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  6. Our squirrels must have been very busy this past winter because I've never had so many oak seedlings in the garden. They're everywhere. As much as I'd like to keep a few, they'd outgrow our 8000 sq.ft. lot very quickly. They're valley oak, Quercus lobata, which I dearly love.

    I think the oaks in those semi-circular break planters will stop thriving once they hit the rocks and the brick. Smaller trees would have been much better. Chaste tree, palo verde or mesquite, etc.

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    1. Psst! Guerrilla planting! Johnny Lobata instead of Johnny Appleseed ;)

      I have concerns about their health also--and those 3 in a row occupy the space appropriate for one mature Q. agrifolia. As much as I love the oaks I'd have gone with Toyon (original natives everywhere on our hill, beautiful given a little skilled shaping when young) or a large Manzanita, A. glauca, maybe. I dunno, maybe they are scrub Oak instead of agrifolia, and will be appropriately sized.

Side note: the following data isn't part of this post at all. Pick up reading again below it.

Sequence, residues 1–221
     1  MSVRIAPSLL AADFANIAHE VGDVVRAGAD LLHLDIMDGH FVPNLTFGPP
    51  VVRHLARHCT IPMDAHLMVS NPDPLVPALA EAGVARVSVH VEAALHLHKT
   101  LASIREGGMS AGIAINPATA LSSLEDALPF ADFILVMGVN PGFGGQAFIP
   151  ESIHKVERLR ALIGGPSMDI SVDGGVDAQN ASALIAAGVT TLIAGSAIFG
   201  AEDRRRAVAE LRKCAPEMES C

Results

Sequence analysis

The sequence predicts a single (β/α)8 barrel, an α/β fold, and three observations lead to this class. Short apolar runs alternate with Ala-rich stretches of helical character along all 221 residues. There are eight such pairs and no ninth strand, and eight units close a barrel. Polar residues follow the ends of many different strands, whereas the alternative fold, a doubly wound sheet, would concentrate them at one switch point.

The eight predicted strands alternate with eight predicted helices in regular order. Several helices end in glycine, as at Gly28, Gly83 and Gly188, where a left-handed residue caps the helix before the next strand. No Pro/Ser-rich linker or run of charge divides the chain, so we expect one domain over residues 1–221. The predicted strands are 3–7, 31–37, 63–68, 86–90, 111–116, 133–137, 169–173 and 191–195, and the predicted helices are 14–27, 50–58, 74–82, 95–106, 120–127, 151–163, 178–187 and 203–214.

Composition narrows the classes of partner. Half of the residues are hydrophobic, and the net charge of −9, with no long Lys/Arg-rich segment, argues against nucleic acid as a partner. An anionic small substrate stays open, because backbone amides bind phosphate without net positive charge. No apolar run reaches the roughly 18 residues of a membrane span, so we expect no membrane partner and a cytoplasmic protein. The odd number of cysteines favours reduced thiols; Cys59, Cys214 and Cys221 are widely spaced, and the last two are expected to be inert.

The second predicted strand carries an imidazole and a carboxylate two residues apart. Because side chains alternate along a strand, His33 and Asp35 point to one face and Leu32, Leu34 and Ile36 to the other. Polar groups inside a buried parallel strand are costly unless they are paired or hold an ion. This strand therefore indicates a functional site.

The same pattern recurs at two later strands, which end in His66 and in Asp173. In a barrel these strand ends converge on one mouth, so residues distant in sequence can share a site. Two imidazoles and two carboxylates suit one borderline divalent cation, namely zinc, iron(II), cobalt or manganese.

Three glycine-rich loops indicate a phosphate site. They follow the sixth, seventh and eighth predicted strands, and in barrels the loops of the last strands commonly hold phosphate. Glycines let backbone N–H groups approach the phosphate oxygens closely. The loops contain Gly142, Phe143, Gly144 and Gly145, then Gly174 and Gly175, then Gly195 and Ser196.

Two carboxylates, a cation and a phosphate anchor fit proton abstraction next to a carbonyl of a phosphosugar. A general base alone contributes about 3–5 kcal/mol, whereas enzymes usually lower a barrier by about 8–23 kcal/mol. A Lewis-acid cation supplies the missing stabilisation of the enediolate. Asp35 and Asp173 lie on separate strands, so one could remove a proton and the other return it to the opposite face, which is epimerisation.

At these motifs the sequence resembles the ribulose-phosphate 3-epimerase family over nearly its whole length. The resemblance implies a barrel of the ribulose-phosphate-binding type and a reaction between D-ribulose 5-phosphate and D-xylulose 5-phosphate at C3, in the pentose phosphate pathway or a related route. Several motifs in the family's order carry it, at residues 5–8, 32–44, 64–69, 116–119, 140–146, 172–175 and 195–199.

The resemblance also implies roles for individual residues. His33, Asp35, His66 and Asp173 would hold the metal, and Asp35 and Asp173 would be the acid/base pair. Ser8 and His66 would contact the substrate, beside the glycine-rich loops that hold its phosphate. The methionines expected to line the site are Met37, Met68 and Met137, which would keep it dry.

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  7. Definitely better than palms! I hope the oaks live long and prosper.

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    1. 100% better. I hope they live long and prosper, too. Well said!

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  8. You all have so many different oaks, and so different from each other. Locally (Blue Ridge foothills of western Virginia), we have white, scarlet, pin, red, chestnut, and chinkapin -- all pretty gigantic at maturity.